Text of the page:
The "Atalanta" was no sooner out of sight than these staves lying scattered on the shore were quickly collected together and handed over to David Sutherland, better known as "David Badbea", who combined the offices of joiner and cooper, and in twenty-four hours they were all in their former shape, and ready for use, and there was no want of willing hands who restored the burnt down bothy to its former state. It could not be said, however, that the gaugers were very exacting or troublesome. Many a good quarter of barley was sold by the gauger to the Badbea folks to be converted into Highland whisky, sent to their very door by his own carts and many a good gallon of the whisky made from his own barley did the gauger take in part payment for his victual. Your readers will be very apt to think from the forgoing statement that vice must have reigned triumphant in Badbea. Will they believe me when I tell them that in Badbea I first saw the light of day, and lived in it till I grew up to the years of manhood, and that I never saw a drunk person in it, nor ever heard of one of its inhabitants utter a profane oath. So that while they engaged so freely in a line of life contrary to the laws of the land, just because it was so common they had no other vice of any kind.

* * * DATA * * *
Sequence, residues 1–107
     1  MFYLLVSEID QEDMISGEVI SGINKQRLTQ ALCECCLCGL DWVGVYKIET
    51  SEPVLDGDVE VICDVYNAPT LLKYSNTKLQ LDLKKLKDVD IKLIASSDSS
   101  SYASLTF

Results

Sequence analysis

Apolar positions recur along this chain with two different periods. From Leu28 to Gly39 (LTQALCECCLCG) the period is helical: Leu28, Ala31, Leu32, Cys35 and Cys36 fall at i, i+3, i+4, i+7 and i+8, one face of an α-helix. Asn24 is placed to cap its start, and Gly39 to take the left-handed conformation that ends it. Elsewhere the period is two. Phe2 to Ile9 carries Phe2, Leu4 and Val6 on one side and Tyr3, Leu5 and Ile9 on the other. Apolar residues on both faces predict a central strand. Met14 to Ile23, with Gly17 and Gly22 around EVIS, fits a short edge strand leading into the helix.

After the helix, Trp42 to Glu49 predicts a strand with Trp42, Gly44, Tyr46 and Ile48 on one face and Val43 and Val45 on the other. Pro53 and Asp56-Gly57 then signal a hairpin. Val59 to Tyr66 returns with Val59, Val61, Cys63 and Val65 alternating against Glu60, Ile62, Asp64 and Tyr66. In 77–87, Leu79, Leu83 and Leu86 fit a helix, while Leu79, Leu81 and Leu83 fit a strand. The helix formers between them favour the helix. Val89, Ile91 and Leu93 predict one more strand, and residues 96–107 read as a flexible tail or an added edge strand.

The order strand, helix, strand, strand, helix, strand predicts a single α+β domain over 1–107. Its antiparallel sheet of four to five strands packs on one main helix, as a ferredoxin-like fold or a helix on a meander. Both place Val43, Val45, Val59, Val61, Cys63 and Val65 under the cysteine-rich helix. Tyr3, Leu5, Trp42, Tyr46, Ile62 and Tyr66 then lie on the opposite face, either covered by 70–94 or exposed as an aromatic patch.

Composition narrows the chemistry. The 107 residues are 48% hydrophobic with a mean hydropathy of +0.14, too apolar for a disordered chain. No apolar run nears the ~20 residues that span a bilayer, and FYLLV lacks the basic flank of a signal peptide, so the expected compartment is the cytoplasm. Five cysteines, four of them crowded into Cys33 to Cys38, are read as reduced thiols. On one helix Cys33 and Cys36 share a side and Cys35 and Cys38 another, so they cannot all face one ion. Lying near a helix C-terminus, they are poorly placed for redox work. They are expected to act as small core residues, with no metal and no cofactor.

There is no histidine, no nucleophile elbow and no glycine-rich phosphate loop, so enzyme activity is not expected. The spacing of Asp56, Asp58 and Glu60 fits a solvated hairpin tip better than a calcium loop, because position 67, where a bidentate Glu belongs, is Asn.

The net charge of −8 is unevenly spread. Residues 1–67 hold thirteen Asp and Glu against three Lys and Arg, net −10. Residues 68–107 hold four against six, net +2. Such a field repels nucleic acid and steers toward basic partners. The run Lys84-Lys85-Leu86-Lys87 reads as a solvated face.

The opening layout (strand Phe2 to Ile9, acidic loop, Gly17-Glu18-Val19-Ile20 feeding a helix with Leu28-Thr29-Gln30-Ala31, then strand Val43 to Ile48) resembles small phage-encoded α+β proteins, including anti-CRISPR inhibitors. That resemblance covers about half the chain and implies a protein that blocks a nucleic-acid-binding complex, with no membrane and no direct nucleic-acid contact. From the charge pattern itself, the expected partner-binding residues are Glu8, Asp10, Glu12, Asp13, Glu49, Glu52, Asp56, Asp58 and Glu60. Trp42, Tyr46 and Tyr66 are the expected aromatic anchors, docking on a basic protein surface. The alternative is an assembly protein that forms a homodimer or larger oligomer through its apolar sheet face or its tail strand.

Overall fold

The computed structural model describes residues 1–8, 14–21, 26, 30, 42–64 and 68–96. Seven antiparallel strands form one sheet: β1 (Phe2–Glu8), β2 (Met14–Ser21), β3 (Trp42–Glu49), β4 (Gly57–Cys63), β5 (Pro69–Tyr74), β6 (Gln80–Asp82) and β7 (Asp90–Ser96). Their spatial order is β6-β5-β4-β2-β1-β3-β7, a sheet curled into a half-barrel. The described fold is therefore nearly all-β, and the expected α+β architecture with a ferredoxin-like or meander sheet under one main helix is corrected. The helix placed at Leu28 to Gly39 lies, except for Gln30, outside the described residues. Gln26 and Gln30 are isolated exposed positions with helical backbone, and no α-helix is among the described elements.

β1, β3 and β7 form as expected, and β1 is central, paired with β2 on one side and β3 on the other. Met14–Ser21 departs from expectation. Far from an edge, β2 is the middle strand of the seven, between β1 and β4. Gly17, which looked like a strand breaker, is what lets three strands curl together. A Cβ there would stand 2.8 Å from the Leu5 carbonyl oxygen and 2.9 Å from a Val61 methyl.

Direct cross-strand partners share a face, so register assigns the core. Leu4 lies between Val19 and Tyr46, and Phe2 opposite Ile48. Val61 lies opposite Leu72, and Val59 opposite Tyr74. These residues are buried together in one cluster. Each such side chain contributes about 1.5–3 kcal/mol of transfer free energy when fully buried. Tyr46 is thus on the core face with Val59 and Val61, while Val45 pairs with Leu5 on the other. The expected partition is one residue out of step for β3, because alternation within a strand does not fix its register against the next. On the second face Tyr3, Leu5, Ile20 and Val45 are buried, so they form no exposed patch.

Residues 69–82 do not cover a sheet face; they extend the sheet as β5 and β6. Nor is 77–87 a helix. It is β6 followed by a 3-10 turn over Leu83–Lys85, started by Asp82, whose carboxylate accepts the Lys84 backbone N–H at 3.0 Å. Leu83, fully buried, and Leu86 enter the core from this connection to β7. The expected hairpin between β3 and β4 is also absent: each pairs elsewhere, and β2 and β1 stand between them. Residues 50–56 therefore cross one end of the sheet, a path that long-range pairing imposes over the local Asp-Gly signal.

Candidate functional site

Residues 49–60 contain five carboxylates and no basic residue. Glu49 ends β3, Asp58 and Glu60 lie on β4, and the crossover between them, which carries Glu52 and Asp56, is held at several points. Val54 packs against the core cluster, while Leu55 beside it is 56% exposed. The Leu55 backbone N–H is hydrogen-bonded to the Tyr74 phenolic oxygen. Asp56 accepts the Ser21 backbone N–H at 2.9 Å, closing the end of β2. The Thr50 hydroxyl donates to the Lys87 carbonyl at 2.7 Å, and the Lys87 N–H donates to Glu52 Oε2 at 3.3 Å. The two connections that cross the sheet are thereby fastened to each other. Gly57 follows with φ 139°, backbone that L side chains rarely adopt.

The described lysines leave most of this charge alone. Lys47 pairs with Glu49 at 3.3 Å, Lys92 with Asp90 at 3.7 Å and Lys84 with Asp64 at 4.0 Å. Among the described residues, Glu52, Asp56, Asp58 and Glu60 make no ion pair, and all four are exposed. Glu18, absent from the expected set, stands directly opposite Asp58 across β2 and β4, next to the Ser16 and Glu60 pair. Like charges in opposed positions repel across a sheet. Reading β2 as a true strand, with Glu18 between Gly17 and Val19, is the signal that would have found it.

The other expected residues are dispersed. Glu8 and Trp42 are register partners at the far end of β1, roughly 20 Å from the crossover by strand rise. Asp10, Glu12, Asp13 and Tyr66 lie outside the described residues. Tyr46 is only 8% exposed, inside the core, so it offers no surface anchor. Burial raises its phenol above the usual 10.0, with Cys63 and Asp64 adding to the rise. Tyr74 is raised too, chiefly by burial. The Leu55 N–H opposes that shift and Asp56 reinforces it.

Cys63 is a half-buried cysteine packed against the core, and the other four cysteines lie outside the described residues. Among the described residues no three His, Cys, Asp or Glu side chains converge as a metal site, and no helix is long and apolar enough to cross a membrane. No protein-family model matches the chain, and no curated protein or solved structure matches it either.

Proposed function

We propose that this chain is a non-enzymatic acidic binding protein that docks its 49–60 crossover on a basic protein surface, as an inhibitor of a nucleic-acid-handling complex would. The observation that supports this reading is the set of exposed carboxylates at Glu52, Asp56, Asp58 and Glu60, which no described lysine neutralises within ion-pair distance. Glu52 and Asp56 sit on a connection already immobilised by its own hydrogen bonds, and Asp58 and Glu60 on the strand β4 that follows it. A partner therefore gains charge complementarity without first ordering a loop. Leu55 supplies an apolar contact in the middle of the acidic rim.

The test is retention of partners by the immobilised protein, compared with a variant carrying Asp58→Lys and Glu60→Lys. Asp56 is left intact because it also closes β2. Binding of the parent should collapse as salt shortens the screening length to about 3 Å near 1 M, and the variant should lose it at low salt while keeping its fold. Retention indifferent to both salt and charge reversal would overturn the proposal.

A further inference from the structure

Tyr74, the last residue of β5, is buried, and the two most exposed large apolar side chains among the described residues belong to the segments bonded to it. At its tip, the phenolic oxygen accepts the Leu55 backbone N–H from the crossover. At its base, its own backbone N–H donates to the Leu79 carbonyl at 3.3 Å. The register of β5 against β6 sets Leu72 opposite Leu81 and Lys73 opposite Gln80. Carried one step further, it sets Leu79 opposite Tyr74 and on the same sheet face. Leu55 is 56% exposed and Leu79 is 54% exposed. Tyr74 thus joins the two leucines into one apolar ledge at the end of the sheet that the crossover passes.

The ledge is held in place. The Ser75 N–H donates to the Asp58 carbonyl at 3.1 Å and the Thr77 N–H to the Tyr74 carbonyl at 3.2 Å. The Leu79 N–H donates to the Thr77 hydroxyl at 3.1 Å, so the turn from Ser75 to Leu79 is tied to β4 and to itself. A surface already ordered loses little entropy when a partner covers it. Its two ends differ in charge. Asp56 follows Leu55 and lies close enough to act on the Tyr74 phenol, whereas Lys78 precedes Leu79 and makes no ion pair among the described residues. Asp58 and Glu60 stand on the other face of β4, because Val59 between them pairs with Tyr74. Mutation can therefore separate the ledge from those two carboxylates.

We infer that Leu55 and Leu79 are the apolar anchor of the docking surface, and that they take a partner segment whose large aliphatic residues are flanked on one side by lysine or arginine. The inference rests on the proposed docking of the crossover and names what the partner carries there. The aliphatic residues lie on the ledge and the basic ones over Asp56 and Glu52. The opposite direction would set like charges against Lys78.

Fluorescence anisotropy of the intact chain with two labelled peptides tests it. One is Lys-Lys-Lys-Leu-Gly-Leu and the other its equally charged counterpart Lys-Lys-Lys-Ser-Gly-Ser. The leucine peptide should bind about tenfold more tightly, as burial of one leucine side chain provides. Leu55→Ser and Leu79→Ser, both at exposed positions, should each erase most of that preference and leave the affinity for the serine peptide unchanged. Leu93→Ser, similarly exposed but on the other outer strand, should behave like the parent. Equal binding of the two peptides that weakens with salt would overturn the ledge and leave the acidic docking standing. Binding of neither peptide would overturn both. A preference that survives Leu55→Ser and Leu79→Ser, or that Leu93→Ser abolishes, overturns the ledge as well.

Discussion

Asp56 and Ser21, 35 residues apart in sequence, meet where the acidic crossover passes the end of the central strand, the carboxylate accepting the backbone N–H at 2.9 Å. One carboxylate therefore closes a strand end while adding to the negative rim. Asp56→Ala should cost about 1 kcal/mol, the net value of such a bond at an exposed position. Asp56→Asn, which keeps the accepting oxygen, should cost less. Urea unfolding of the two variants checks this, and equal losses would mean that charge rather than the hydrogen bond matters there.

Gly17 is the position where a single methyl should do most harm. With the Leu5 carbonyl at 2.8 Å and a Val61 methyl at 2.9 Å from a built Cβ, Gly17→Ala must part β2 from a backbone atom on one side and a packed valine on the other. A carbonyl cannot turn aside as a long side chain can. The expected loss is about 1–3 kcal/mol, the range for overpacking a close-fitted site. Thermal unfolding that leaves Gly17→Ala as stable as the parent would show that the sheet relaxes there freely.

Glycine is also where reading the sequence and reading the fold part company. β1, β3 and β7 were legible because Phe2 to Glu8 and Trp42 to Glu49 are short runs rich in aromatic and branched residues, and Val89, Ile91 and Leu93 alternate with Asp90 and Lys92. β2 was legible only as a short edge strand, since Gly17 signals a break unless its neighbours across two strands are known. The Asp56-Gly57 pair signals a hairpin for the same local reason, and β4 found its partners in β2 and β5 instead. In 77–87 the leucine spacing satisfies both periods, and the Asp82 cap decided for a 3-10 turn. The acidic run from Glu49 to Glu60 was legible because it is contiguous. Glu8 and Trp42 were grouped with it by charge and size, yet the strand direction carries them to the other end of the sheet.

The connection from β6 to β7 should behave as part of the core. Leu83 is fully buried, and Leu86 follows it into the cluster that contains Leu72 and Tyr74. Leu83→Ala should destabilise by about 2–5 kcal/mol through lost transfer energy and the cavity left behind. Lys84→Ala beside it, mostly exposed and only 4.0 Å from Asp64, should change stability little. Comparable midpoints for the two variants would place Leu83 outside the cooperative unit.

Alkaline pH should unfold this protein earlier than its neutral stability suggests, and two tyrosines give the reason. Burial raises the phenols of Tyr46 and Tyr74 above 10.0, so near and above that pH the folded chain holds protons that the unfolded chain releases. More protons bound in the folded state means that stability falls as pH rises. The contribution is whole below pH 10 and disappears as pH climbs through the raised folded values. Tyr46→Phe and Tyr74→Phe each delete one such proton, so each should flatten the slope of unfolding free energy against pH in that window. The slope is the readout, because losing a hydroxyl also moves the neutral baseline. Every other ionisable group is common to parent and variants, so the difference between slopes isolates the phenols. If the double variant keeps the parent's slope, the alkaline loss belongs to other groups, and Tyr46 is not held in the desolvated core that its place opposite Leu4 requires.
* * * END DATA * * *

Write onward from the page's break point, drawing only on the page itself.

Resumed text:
Two Godly Men

Perhaps this was to be accounted for from the example and precept of the godly John Sutherland, "John Badbea" as he was familiarly called, who also held meetings or readings in his own house every Sunday, when everyone in Badbea and Auchnacraig, of which more by and by, regularly attended. John was assisted by a few of the godly men in the place. Robert Grant, " Polbagh" was one of these, and always closed the meeting with a prayer. Full of the spirit of devotion, and unconscious perhaps of the impatience of a number of young ones, he generally lengthened out his supplications to a good long hour. Indeed, there were other folks there who, if they were asked their own opinion, would be very apt to say that the good earnest man, was a shade too long in arriving at the "Amen".

Cas Chrom or foot plough so useful in rocky landscapes
I said already that the inhabitants of Badbea lived a primitive life. This will appear more striking when we find that there was only one horse in the whole village. There was no a plough in it, a particularly made spade being the implement used in place of a plough to till the ground. The harrow was dragged behind a man, and the manure carried on women's backs in creels.

A crofter using a Cas Chrom to get beds ready for potatoes
Yet there were as fine young men and maidens to be found in Badbea as could be found anywhere. The young men of Badbea are scattered all over the world, some of them leading men in New Zealand, and others of them maintaining the honour of Britain's arms in Zululand, as we saw by your paper last week, and those whose lot it has been to remain nearer the place of their birth occupy as honourable and respectable a position in society as those who were more favoured with a more refined upbringing.
Planting potatoes on Skye. 

Note: The photos and illustrations were not in the original Northern Ensign article.